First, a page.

A Tusla-funded charity which was criticised for poor financial controls says it spent almost €3,500 on gift vouchers for staff because it couldn’t afford to restore their pay.
Epic, an advocacy group which works with people in care, also confirmed that alcohol purchased on its credit cards was bought as leaving gifts for two staff members.
“This practise has ceased since January 2017 and a strict no-alcohol policy applies to all of Epic’s work,” it said.
The charity was responding to the findings of an internal audit conducted by the HSE for the child and family agency Tusla, published on Wednesday.
The audit for the period between 2014 and 2016, during which Epic received €1.9m from Tusla, identified a range of financial and governance issues.
In a statement, Epic said it takes its role very seriously and has been working with the support of Tusla since last March to implement the audit recommendations, and that that process is almost complete.
“Our first concern is the vulnerable children to whom we provide vital support but we also have a duty to ensure confidence in us from our donors who trust us with their money,” it said.
It said a new management team and CEO are now in charge and policies are in place to ensure compliance with all audit recommendations, and that a fully qualified financial accountant has been employed to ensure its funds are accounted for in a “robust and transparent way”.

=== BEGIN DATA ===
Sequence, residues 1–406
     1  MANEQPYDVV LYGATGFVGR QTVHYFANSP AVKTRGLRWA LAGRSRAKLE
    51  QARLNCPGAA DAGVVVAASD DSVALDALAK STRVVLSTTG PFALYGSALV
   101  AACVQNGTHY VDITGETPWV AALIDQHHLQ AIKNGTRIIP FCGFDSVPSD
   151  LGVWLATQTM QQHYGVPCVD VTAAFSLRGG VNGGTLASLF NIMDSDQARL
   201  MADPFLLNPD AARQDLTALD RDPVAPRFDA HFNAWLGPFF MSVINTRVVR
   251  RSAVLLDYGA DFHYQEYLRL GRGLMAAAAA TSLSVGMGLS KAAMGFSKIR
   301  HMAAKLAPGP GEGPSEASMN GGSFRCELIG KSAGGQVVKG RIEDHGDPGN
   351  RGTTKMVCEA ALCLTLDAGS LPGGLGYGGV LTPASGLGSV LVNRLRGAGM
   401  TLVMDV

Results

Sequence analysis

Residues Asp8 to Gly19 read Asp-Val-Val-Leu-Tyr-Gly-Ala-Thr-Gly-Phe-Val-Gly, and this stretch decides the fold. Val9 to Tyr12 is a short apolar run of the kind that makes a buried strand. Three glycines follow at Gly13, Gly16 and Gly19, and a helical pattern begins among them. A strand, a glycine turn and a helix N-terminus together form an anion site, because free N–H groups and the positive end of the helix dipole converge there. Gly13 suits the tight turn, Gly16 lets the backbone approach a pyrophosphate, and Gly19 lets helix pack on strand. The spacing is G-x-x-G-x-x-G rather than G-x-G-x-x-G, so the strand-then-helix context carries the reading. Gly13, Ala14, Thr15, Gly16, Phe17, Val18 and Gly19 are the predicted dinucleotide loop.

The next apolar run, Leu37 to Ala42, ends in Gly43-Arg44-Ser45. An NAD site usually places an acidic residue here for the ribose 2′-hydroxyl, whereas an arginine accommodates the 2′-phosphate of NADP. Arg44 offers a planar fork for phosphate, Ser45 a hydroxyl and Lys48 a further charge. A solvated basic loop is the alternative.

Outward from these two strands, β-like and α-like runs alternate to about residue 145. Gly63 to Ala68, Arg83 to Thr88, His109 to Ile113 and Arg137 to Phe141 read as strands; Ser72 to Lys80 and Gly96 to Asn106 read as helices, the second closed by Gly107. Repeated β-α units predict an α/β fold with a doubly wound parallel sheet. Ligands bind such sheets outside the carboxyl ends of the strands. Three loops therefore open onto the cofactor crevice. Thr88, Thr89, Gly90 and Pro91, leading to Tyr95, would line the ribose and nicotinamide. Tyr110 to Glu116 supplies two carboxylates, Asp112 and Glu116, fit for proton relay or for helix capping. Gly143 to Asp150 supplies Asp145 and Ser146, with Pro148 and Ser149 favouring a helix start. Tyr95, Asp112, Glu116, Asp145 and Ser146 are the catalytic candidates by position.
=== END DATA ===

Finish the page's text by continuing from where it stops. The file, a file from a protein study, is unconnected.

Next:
It confirmed that it spent €3,413 on gift vouchers for staff in 2015 as a “one-off goodwill payment” for staff who took a pay cut in 2012.
“In 2012, Epic staff took a pay-cut as part of a number of austerity measures to ensure continuity of the service,” it said.
“In 2015 staff sought a restoration of pay which the organisation was not in a position to provide into the foreseeable future.
“It was agreed in light of this that a one-off goodwill payment would be made to staff in recognition of the team’s ongoing commitment in difficult circumstances.
It said during the audit period it was under-resourced in back-office support functions, particularly in finance and that it’s since upgraded its accounting software.
But in relation to specific issues raised by the audit, it said of the 23-staff it had, eight were part-time, three of whom were young people employed on a peer-mentoring project.
It said full monthly payroll reports were in place but other HR records, such as time and leave sheets, were not always physically signed.
It said a travel and expenses policy was in place but was not fully prescriptive, and that while all credit card purchases were recorded, there were no annual summary reports compiled during the audit period.
It said the reason for the purchase of medication without a stated reason remains unclear but it said non-prescription medications were bought sometimes for first-aid supplies. And it said some gift vouchers were used to thank volunteers and interns who were not employed as staff.
A €50 receipt for petrol bought by a project intern was lost and while invoices were not always signed, they were always reviewed by an appropriate member of management.
It said the concerns about board members not signing Ethics in Public Office declarations and Statement of Interest forms during the audit period has been addressed following a full governance review.